The End of a Strength and Conditioning Career – Elite FTS

What do you do when you wake up one morning and realize that your best years are behind you and that you are only really waiting on death to take you?

As the wonderful poet Dylan Thomas extols in his famous poem, “Do not go gently into that good night.” You can read the entire poem here. In the line, “Rage, rage against the dying of the light,” he, of course, was referring to death as that final good night.

I want to discuss another death—the end of a career and the start of retirement.


RECENT: The Eternal Triangle of Sports Weight Training


My father worked in the newspaper industry, starting as a cadet photographer at 14 and retiring at the mandatory age of 65. My brother continues to work for the same company that took him on as a part-time storeman when he was 19. He turns 60 in June, and I have worked in the fitness, sports, or education sector since 1979. They both worked for the same organization for their entire careers, as I have jumped around quite a bit, but longevity seems to be in our blood.

My Best Years

This time last year, I was Head of Performance for the Houston Sabercats in the MLR (USA) competition. I was entering the second year of my contract, and with the struggles of COVID-19, I was also asked to be a de facto team manager. There were many issues to deal with—players arriving into Houston from all points worldwide and having to train in initially household bubbles of two. We then expanded this into larger cohorts as we navigated the rules and regulations of training during a pandemic.

While we did not have success on the playing field, earning the unwanted first wooden spoon of my professional career, I felt incredibly happy with my work as part of the management team. I achieved some personal milestones in developing a rugby-specific weight room with the assistance of Matt Goodwin and Nate Harvey at elitefts.

In my thirtieth year of professional sport, I also created a weight training chart as an education and coaching tool.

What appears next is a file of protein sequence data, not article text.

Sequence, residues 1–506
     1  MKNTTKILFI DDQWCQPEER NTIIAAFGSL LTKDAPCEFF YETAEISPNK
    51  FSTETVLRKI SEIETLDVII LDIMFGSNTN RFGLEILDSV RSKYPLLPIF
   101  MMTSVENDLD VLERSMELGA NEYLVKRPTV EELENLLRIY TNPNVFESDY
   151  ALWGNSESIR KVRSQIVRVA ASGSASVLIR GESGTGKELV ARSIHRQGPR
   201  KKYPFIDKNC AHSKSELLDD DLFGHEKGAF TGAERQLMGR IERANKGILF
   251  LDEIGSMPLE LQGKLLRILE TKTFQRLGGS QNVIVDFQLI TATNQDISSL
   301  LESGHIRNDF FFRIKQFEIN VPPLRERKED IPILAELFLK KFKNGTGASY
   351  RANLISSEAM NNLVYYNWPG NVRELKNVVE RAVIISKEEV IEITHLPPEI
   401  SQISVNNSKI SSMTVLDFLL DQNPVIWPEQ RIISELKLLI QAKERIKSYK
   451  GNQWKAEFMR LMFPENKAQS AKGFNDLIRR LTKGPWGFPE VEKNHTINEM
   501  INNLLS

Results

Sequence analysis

Life in professional sport is tenuous at best, and at the end of the season, I had already decided not to seek re-appointment—I’d been away from my wife and family for almost eight months. The organization also swung the ax, and the entire coaching staff was replaced, along with many of the players. So I am happy to say I left on my terms but did not know what to expect moving forward.


Today, I train regularly at my local gym, Fitness Canterbury. I continue to try and make a difference in my field with volunteer service on various NSCA committees and the Rugby Special Interest Group (SIG on Facebook).

But, it is not enough.

When working, I was always a part of something bigger than myself. I had 40 players that needed me at various levels of daily engagement. I miss the banter. I miss game day, especially preparing the team table and pre-game warm-ups.

My Previous Normal

On a typical day, I would wake up between 4:30 am to 5:00 am, put the stovetop on for my coffee, and check emails and the news sites that I follow. I would leave for work around 6:45 am. Upon arrival, I would open the weight room, get the post pads out of storage and onto the posts, get water and Gatorade containers filled, and then be ready to start the day after a quick catch-up with medical staff and the availability board for player training status.

Glancing at a week, the program is “fluid” in nature, so all players did not do all sessions. There are also alternatives in place so that we do not react but can adapt relatively seamlessly to any issues as they. What is not included in this week’s plan are the team meetings—the one-on-one with players, coaching meetings, management meetings, and other planning discussions.

Monday

Session One

Speed ​​(400/600 metres)

Maximal Velocity Lateral Speed ​​Agility Acceleration/Power
Build up (Flying) Sprints,
Varied Distance Sprints
In & Outs
Plyos into Sprint Overspeed
Lateral Ladder drills
Lateral Skips
Marches
Prowler® Lateral drills
Agility patterns
Tennis Ball Drop Sprint
Off the Ground Accelerations
Harness & Release
Med Ball Throw & Sprint,
Prowlers®
Sleds

Session Two

Skills—Catch and Pass and Running Lines

Session Three

Neural or Mechanical Upper Body

Session Four

Skills Conditioning (May do another skills block here after seeing how they are)

  • 4 minutes: Alactic Conditioning: 8 x 6 seconds maximal efforts every 30 seconds
  • 2 minute: Recovery
  • 4 minutes: Skills
  • 2 minutes: Recovery
  • 4 minutes: Alactic Conditioning: 8 x 6 seconds maximal efforts every 30 seconds
  • 2 minutes: Recovery
  • 4 minutes: Skills
  • 2 minutes: Recovery
  • 4 minutes: Conditioning Game

Tuesday

Session One

Combat & Contact Skills

Session Two

Dynamic Warm-up into Lactic/Aerobic Conditioning (3-5km)

Lactate Focus Examples Aerobic Focus Examples
AB Gilly, Springbok Shuttle, Change of Direction Shuttle, Malcolm’s, Scotland Anaerobic, Wales Anaerobic, Solly Bag Drill, Down & Up Bronco Reps Broken Bronco Reps, Bronco Ladder, Tietjens (80-60-40), Suicides, 100/200 Drill, Coathangers, Diamonds, VO2 Grids, EuroFit, Out & Back Runs

Session Three

Mechanical Lower Body or Metabolic Circuit or Mechanical Full Body

Wednesday

Session One